Have lockdown payments created a nation of ‘bludgers’? Businesses struggle to fill huge numbers of vacancies and say government Covid payments encourage workers to ‘sit on the couch’ instead taking new jobs
- Hundreds of businesses around Australia can’t find anyone to fill vacancies
- Factories and pubs struggling to fill positions despite making calls and listings
- Owners blaming government payments for encouraging Aussies to stay home
Hundreds of businesses around Australia can’t find anyone to work because government pandemic payouts have created too many ‘bludgers’, furious owners say.
Owners and managers across several industries have lashed out as New South Wales leaves lockdown, saying they are struggling to fill thousands of jobs despite making countless calls and posting endless vacancies.
‘Unfortunately we’ve got too many bludgers out there sitting on the couch on the government’s handouts,’ Stripco owner Paul Bucciarelli told A Current Affair.
‘Roll up your sleeves, get off your backside and do something for the nation.’
Business owners across Australia have complained government payments have seen too few Aussies refuse to return to the workforce post-lockdown (pictured, bartenders in Sydney when restrictions eased on Monday)
‘Unfortunately we’ve got too many bludgers out there sitting on the couch the Government’s handouts,’ Stripco owner Paul Bucciarelli (pictured) told A Current Affair
The owner of the powder coating business in Sydney said the JobSeeker and JobKeeper payments had caused the reverse effect, instead ‘encouraging’ Australians to stay at home and collect the payments.
The nation has handed out more than $10billion in disaster payments since June, with the totals set to start decreasing as states and territories hit the 80 per cent vaccination threshold.
Currently people will get lumps of $750 if they lost 20 hours of work a week, with that figure to roll back after hitting 80 per cent.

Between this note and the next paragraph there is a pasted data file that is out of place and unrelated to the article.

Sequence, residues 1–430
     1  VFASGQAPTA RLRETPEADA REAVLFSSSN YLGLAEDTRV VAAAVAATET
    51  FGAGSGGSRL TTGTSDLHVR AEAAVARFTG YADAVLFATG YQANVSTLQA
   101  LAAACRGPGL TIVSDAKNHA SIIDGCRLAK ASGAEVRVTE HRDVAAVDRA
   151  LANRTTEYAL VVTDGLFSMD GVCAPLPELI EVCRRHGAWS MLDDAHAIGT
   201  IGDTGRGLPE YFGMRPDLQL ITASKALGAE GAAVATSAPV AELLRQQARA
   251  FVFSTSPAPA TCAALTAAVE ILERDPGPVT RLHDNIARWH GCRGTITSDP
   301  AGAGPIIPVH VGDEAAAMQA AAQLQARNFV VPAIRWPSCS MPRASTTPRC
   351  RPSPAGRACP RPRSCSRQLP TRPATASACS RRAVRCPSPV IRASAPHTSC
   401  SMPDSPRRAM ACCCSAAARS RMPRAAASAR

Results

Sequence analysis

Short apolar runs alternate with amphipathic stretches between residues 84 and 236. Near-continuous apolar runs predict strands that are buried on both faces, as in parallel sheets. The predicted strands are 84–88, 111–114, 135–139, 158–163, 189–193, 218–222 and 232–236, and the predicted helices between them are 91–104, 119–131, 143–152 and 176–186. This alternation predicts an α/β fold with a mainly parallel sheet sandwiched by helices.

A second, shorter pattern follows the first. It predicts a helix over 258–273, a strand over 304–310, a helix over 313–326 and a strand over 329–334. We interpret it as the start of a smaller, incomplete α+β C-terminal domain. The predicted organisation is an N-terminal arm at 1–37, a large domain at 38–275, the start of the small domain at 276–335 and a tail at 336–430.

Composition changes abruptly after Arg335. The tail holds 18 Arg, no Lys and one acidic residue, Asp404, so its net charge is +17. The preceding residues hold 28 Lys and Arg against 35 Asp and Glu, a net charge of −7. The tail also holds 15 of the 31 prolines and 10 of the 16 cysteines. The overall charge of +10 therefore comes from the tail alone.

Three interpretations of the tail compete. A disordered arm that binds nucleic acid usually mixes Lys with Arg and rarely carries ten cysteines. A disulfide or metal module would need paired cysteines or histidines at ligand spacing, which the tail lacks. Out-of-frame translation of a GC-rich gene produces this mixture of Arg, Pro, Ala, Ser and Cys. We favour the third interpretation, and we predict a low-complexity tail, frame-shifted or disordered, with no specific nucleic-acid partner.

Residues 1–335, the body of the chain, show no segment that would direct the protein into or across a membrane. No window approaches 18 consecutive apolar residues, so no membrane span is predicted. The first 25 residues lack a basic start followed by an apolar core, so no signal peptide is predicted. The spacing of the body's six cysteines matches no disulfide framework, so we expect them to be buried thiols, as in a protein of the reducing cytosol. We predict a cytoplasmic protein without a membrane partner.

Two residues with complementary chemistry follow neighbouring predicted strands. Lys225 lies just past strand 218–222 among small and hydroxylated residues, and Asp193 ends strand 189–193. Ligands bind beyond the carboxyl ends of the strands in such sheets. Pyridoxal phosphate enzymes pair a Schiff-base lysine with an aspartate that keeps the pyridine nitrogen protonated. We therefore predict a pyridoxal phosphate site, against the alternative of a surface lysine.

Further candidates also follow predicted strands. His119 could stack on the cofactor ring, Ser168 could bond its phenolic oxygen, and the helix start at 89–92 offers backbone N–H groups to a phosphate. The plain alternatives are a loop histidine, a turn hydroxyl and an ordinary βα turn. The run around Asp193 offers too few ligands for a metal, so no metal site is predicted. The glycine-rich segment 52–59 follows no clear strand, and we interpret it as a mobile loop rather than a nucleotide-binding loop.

Aussies will then receive $450 the first week after hitting the figure, before falling to $320 the week after and payments ending the third week.
Mr Bucciarielli said in the past he was constantly being contacted for jobs, even just by people looking to fill their application quota to ensure future payments, but that has changed since the pandemic.
‘This is a generational problem as well and it’s only been exacerbated by the fact the government just stokes the fire, gives people the opportunity to find excuses not to work,’ he said.
The owner of the powder coating business in Sydney said he used to receive dozens of calls for jobs but is now struggling to even find people to fill their application quota
Bar entreprenuer Craig Laundy says he has more than 100 positions available with no takers at his venues
Former Liberal MP turned bar entreprenuer Craig Laundy says he has more than 100 positions available with no takers at his venues.
‘I’ve got 11 venues now that are short staffed, and I could take another 100 staff today,’ Mr Laundy said.
He said initially he supported the JobSeeker and JobKeeper programs but after seeing the result of them, he thinks the government need to step in and help local businesses.
‘I thought the Federal Government have done a great job keeping people linked to businesses but the reality is I was wrong,’ he said.
Former Liberal MP Craig Laundy said he initially supported the JobSeeker and JobKeeper programs but now is calling for international border restrictions to drop to allow foreign workers
‘A lot of people have left and we’ve lost those migration channels that we’ve traditionally lent on, so we’re presented with a real challenge.’
Mr Laundy called on international border restrictions to drop and allow international students and workers to flock back to the country to help the hospitality industry survive.
‘We need to have a serious look at re-establishing international students, international skilled migration and international unskilled migration,’ the former MP said.
The owner of HR specialist company Collar Blue said he’s hasn’t seen such a ‘dry’ job market in 28 years, making more than 1,000 calls last week alone and eventually filing just two roles.
‘Across the company we’ve got 80 odd vacancies in Sydney, Melbourne and Brisbane, we’re calling up to 100 candidates a day, and unfortunately we have only placed two people into work,’ Grant Styles said.